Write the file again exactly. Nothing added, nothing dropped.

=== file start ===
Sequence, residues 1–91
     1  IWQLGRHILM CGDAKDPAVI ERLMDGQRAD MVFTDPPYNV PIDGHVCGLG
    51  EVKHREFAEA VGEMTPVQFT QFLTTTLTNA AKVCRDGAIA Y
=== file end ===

Sequence, residues 1–91
     1  IWQLGRHILM CGDAKDPAVI ERLMDGQRAD MVFTDPPYNV PIDGHVCGLG
    51  EVKHREFAEA VGEMTPVQFT QFLTTTLTNA AKVCRDGAIA Y